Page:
Win32 and 64, English

Chop a 3D - solid into many pieces. Make ribs and stair-step.

General Usage Instructions

Beforehand, you can make all the settings in the AVC Options Palette, including creating several settings styles for the Chop command.

Before calling the command, one or more solids can be selected. On one of the solids, you can pre-select one flat face or one edge (Use CTRL to select). The program will use these objects so as not to ask unnecessary questions. All objects other than solids will be ignored. If you want to cut a lot of solids at once, then you definitely need to select them in advance, before calling the Chop command.

Next, call the Chop command (just write CH in the command line).

You can configure the program so that the settings dialog is opened first.

Further program requests depend on the configured operating mode.

If no solids have been selected in advance, then the program will ask you to select a starting flat face or edge of the solid. In the query options, you can change the mode and switch the settings style.

If cutting is performed along a curved edge of a solid, and a fixed cutting step is specified, then the program will need the starting point of cutting from the user. Accordingly, stubs will remain at opposite ends of the edge.

Next, you may need to select solids (if they are not already selected).

This is followed by a request for the length of the piece (cutting step) or the number of pieces. The program will show on the command line what the slicing formula turns out to be - how many pieces of which length will turn out and with what stub. The length request is disabled by default and the value from the current chop-style is used.

If part numbering with a prefix is configured, it is still possible to request a prefix.

After all the preparation, the program will begin to cut the solid into pieces and assign layers and names to the resulting parts.

If an error occurs during cutting, the program will ask you if you should continue trying to cut. Many solids have places where Autodesk® AutoCAD® is not able to make a cut. In the process of its work, the program transfers the solid to the beginning of the WCS world coordinate system and then returns the pieces to their place. But if a failure occurs, then perhaps you will find pieces at the origin.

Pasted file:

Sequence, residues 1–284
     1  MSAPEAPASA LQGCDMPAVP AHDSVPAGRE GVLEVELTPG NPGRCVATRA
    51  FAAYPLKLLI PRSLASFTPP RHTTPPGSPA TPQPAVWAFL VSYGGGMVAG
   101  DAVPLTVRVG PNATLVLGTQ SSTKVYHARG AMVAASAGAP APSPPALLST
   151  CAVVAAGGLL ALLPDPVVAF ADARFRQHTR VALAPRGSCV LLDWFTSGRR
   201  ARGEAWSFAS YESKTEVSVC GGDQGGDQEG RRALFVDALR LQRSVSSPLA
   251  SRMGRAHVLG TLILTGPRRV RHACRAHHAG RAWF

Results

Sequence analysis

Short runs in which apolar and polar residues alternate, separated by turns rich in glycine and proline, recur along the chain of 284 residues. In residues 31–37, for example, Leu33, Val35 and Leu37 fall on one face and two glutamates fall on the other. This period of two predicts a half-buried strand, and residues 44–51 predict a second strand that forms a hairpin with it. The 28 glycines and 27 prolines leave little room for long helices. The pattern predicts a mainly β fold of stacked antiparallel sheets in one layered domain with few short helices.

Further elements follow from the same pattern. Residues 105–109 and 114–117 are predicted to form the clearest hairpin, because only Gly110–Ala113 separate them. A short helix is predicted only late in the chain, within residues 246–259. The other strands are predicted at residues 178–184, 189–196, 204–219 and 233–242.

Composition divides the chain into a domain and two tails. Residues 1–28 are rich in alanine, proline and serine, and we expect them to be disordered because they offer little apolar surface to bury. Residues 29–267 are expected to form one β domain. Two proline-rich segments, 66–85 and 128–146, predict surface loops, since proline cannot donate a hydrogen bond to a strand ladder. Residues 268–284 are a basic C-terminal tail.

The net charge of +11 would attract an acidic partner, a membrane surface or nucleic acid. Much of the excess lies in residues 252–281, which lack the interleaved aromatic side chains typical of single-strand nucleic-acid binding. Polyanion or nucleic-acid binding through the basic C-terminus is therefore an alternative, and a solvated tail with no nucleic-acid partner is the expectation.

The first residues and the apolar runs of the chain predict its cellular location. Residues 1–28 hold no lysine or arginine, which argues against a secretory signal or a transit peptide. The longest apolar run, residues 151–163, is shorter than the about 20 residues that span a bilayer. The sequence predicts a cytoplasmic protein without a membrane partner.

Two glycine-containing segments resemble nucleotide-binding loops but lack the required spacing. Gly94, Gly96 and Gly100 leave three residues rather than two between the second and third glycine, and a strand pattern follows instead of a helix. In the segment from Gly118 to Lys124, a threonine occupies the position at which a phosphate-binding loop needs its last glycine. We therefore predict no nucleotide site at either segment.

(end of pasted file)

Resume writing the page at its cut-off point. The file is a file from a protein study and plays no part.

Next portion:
The remaining stubs (part of the solid, from which pieces of a given size were not learned) can be saved in the drawing and assigned to a separate layer.

The command may number the pieces or ribs in the order they were cut. The stubs are not numbered. Identical parts are given the same numbers.

Watch the messages on the command line - without this, you will not be able to understand why the program does not work the way you wanted.



Ribbon/Toolbar Icon Command Command Description


Chop Edge. Cut a solid into same length pieces along edge


Stair-step. Make stair-step from a flat solid. Orthogonal side-faces


Chop. Cut 3D details into flat pieces


The installer that ran when you downloaded this app/plug-in from the Autodesk App Store will start installing the app/plug-in. OR, simply double-click the downloaded installer to install the app/plugin. You may need to restart the Autodesk product to activate the app/plug-in. To uninstall this plug-in, exit the Autodesk product if you are currently running it, simply rerun the installer, and select the "Uninstall" button. OR, click Control Panel > Programs > Programs and Features (Windows 7/8.1/10/11) and uninstall as you would any other application from your system. 

Please read the FAQ if there is any problem.


Additional Information

Using the command Stair-Step (StSt):

The command should only be used for sheet material parts like ply, MDF, chipboard, and sheet metal. Such parts always have 2 large flat parallel surfaces - those that remain from the sheet of the source material. Often such parts are made on CNC milling machines that cannot tilt the cutter. Therefore, the ends of the parts must be perpendicular to the main planes. This command is intended just for modeling such details. It works like this: